Business email compromise (BEC) scams remain one of the most widely used attack vectors among cybercriminals to date. In fact, cybercriminals are finding so much success in exploiting human vulnerabilities through BEC scams that their frequencies have been dramatically increasing.

What is a BEC scam?

In a BEC scam, the attacker gains access to an executive or high-level employee’s email account and exploits it, using that individual’s identity to trick employees, customers, or partners into sending them money. In some cases, the attacker does not gain access to the corporate or high-level employee account but instead creates an email address that is very similar to the legitimate one, making it easy to overlook.  These requests often contain urgent requests with the intention of rushing the target to act quickly, leaving them with less time to think through the transaction.

On the rise

According to the latest Mimecast Email Security Risk Assessment (ESRA), which analyzed more than 142 million emails that had successfully passed through potential customer’s incumbent email systems, BEC scams saw an 80 percent increase quarter-on-quarter.

The FBI’s Internet Crime Complaint Center (IC3) recently reported a 136% increase in actual and attempted monetary losses on a global scale between December 2016 and May 2018 due to BEC scams.

It is clear that monetary losses from BEC scams are becoming astronomical.  According to The Rise and Rise of Business Email Compromise Scams published by Duo Security, BEC scams are growing at a “terrific rate with losses in the United States alone of nearly $3 billion in the last 18 months.

Since BEC scams utilize human vulnerabilities, they are much more difficult to detect in an email filter than various other forms of malicious emails that may contain malware attachments.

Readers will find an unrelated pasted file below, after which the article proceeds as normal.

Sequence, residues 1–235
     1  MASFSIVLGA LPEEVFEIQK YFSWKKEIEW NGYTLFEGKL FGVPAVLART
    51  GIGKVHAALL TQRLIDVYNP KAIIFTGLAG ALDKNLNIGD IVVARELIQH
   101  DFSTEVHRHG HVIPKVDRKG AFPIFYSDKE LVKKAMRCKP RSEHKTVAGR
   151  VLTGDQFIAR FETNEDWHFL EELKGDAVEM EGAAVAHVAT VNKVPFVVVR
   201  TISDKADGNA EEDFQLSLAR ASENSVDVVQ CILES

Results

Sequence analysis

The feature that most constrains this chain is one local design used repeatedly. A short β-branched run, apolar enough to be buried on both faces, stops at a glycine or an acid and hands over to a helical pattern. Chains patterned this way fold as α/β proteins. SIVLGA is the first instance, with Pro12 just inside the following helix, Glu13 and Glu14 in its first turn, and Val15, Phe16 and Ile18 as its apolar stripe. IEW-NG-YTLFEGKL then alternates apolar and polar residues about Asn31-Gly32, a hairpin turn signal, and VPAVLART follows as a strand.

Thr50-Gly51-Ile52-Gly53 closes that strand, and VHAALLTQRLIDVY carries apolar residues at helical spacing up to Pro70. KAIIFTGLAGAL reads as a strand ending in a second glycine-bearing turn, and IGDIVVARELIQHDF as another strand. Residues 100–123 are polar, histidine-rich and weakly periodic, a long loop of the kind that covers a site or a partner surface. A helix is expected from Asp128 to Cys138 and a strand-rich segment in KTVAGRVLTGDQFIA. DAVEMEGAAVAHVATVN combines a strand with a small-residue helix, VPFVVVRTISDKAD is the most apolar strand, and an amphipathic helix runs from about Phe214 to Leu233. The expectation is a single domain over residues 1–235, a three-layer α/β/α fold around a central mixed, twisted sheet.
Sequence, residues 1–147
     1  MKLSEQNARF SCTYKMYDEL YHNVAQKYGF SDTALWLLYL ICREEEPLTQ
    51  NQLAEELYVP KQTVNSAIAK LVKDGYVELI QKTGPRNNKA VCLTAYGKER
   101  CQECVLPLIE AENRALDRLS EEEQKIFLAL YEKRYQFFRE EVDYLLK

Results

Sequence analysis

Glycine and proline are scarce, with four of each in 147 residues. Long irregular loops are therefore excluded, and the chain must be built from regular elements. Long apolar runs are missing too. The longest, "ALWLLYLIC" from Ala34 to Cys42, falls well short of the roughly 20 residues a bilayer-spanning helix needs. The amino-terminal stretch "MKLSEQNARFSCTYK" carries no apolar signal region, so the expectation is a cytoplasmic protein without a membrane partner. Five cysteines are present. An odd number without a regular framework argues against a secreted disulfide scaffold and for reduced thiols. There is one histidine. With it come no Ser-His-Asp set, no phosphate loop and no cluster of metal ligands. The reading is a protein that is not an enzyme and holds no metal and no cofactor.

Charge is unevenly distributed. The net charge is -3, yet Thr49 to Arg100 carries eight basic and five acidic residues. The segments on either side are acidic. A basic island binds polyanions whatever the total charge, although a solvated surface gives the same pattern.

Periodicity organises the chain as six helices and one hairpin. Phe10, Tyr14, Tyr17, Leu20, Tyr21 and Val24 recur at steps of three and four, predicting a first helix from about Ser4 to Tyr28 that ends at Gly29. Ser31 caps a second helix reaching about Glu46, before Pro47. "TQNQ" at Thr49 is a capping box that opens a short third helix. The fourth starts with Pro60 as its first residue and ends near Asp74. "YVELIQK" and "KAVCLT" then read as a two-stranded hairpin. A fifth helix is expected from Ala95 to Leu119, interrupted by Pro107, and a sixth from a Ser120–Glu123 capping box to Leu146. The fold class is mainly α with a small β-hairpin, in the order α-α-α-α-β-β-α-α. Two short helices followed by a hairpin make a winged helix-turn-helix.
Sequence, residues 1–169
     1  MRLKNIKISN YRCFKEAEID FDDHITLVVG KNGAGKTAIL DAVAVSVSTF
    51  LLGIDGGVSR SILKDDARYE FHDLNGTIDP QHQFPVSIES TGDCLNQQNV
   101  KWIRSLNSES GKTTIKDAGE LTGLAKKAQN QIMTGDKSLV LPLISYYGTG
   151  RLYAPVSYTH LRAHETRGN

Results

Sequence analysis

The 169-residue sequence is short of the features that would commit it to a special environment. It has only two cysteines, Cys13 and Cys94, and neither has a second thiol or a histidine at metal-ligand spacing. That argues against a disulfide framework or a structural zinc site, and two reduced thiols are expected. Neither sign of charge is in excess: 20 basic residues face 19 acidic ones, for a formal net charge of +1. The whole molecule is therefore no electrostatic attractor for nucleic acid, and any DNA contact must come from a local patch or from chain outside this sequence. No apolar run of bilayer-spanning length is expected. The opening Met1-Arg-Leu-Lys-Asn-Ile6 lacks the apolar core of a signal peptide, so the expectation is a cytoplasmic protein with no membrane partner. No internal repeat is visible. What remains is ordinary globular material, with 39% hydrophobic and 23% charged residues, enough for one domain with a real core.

What can you do?

While technologies do exist that can help cut down on these emails successfully making it to the intended party, BEC scams cannot be carried out successfully without participation from the target. Since BEC scams rely on human vulnerabilities, strengthening employees’ security awareness is crucial to helping catch malicious attempts that technology may have missed.

Exercising caution when reviewing a request by an executive or upper-level employee is extremely important as well. BEC scams often come in the form of a financial request through a wire transfer, payment for a fake invoice, or international payment request.  If the request seems urgent or unusual, contact the sender directly prior to acting upon the request.

Employees should be trained on cybersecurity and know how to spot a phishing email. Switchfast Technologies found that 91% of cybersecurity attacks originate with a phishing email, outlining the overwhelming need for employees to be trained and tested on how to spot these attempts.

Despite security training, accidents happen.  All it takes is one employee to fall victim to a BEC scam to put their entire organization at risk. Organizations should have policies and procedures in place in the event an incident were to occur and ensure all employees know who to report to if they believe a suspected incident has occurred.

 

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